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Spring 2001, Volume 18.3



William Meyer Jr.

William Meyer, Jr. is a free-lance writer and artist living in Beaumont, Texas. His work has appeared in over 200 journals in the United States, Canada, England, France, Australia and Germany, including Modern Poetry Studies, Weber Studies, Thought, Philosophy Today and Fiction International.  See other work by William E. H. Meyer, Jr. in Weber Studies:  Vol. 10.1 (essay)Vol. 12.2 (essay)Vol. 13.2 (poetry), and  Vol. 17.0 (poetry).


Agent Stone

My mother's face is turning into stone.

The old bones are bleak, sharp sarcophagi,
   silhouettes of former handsome woman,
   clinging now to egotism
   chiseled in maternal rock
   —vicious against the godless infirmities
   of eighty-four year-old abundant life.

The TV-forgotten starlet cries.
Who cares?

I love her old yellow teeth, worn smooth
   like a calf's
   her flat-insistent grandmotherliness
   distilled in goat-humped plentitude
   and sudden oatmeal health.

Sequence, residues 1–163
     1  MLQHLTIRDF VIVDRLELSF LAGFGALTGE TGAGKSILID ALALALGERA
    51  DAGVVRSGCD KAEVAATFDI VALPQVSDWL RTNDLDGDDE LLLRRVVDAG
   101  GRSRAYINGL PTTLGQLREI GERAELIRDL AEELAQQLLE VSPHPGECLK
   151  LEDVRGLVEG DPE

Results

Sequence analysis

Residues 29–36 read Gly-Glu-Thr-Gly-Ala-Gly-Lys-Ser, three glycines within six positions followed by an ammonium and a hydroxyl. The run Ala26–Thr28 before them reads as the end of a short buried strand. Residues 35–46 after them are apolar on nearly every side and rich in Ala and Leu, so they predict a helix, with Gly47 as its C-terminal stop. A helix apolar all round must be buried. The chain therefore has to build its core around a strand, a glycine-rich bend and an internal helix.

Let night press translucent lips
   across her perfect cheeks;
my efforts are as impotent
   as the winter sun's assault
   on coastal vaults of fog;
and love, like lotto-dreams, is all
   to nought—old stubs tossed
   from a speeding car.

There, in the basket, the frightened kitten peeks,
   eyes permanently racing home
   to perfect chasing death.

In bed, the corpse lies too small,
   like country-Jesus remorsefully drawn
   upon a Lutheran cross,
   breaths taken in advance of sea's demise,
   with writhing universality,
   wanton carnal salt.


A Case of Catfish Abuse

The six-pound cat
lay flat on the chilly boards,

its eyes moving in circles,
its whiskers twitching,
and its gills raising gaping holes in its sides.

"They'll live a long time if you'll just
pour water over them."

Its eyes made weird circles
under the raw wind off the Neches River.
Its gills made gaping red holes in its sides.

I took a deep breath and left.
And then the shameful sweet rain fell.

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